RSVP Today – Seating is Limited

Please RSVP by April 21 to reserve your spot.
Contact Jess at 866-223-2231 or jfoxen@michigannature.org.

We hope to see you there!

Birding Trails, Fungi, and Protecting Native Species: this week in environmental news

Birdwatchers celebrate two new birding trails in Michigan (Great Lakes Echo): Michigan’s Northwest Lower Peninsula is a paradise for birdwatchers. Piping plovers, on the endangered species list, and the snowy owl nest there in the winter. The region is a stopover for thousands of birds on their way to breeding grounds. The Petoskey Regional Audubon Society, in partnership with local conservancies, plans to celebrate the launch of the Sunset Coast Birding Trail later this year. The trail will start in Mackinaw City and follow a coastal corridor through Emmet, Charlevoix and Antrim counties. According to a report of the Mackinac Straits Raptor Watch, a nonprofit organization that educates the public about the birds and their migration, 47,090 birds migrated through the straits in 2016. Another new trail, The Blue Water Birding Trail in St. Clair County, is also expected to launch this year. Michigan has six birding trails already – North Huron Birding Trail and Superior Birding Trail in the Upper Peninsula, and Sleeping Bear Birding Trail, Beaver Island Birding Trail, Sunrise Coast Birding Trail and Saginaw Bay Birding Trail in the Lower Peninsula.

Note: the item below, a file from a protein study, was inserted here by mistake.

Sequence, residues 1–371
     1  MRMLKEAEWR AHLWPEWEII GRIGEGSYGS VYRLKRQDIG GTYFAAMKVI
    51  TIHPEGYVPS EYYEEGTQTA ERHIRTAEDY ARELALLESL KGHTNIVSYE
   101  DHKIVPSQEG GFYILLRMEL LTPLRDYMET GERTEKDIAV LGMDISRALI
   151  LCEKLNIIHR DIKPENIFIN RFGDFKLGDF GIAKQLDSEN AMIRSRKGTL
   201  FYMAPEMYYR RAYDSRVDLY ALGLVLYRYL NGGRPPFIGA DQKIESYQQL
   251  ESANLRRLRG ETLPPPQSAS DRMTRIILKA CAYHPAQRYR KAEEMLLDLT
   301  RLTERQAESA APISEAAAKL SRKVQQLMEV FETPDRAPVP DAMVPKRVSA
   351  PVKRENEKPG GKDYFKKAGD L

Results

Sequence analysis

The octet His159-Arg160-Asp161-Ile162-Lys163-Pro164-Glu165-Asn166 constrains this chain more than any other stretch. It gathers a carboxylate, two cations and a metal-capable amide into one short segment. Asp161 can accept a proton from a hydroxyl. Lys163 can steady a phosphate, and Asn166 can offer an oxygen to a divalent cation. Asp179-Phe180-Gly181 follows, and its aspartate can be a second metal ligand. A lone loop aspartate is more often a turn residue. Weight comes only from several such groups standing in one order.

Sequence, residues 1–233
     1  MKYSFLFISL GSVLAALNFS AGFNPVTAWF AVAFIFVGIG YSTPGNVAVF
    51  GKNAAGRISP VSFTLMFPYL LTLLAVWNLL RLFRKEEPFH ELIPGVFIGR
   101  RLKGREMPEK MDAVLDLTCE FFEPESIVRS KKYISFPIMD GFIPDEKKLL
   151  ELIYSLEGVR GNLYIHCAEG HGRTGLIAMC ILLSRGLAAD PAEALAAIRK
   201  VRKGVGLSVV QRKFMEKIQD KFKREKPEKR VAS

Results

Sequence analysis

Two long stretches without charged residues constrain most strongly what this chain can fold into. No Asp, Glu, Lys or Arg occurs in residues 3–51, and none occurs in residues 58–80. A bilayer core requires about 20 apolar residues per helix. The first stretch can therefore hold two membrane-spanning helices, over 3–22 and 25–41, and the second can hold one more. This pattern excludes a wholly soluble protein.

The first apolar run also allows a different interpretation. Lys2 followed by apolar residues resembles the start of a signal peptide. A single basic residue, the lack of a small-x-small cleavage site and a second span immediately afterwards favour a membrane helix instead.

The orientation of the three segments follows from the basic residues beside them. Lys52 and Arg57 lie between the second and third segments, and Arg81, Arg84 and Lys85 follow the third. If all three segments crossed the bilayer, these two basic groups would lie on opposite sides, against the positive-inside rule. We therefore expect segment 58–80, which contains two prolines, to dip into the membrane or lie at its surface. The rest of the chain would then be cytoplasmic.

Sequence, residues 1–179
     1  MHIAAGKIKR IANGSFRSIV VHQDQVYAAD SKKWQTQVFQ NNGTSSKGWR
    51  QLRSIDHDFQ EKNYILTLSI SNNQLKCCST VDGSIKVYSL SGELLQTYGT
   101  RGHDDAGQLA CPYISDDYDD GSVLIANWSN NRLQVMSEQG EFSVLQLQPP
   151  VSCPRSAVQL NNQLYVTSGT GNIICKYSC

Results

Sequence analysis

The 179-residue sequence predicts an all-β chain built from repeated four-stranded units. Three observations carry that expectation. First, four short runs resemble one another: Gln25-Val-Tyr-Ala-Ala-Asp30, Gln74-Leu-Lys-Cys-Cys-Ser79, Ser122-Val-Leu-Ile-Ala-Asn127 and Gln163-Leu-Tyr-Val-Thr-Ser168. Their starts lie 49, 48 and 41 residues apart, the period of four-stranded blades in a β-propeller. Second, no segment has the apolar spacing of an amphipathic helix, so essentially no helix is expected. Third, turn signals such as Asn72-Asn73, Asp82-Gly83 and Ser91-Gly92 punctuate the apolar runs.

piping plover

The piping plover. Image: United States Fish and Wildlife Service Mountain Prairie

Fantastic Fungi in Michigan (Oakland County Times): “Fantastic Fungi in Michigan: You don’t have to go to the rain forest to see amazing mushrooms” speaker program is being held on Wednesday, April 12th, 2017 beginning 7:30 pm at the Royal Oak Middle School (709 N. Washington). Join Mary Fredricks, Nature Society mycologist, and learn about mushrooms tiny enough to grow on oak leaves, beautiful mushrooms that are among the most poisonous known, mushrooms that are easy to overlook during the day but glow at night, and more, all growing right here in Michigan. There is no preregistration or cost for this program.

Usually the villain, invasive species odd hero for native fish (Great Lakes Echo): A native fish may be poised for a comeback in the Great Lakes with the help of an invasive species. Great Lakes cisco, also known as lake herring, typically grow about 12 to 15 inches long and at one point supported one of the largest commercial fisheries in the region. They disappeared from much of the basin around the 1950s. Now it looks like the stage has been set for their return–by an unlikely ally. Invasive quagga mussels have depleted nutrients in the lakes. Cisco do well in low-nutrient environments, unlike competing species like the invasive alewife. That gives cisco space to thrive.

cisco

Cisco caught in Lake Michigan. Image: Katie Steiger-Meister/USFWS.

Trump admin delays listing bumblebee as endangered (The Detroit News): The Trump administration delayed what would be the first endangered designation for a bee species in the continental U.S., one day before it was to take effect. The U.S. Fish and Wildlife Service adopted a rule Jan. 11 extending federal protection to the rusty patched bumblebee, one of many types of bees that play a vital role in pollinating crops and wild plants. It once was common across the East Coast and much of the Midwest, but its numbers have plummeted since the late 1990s.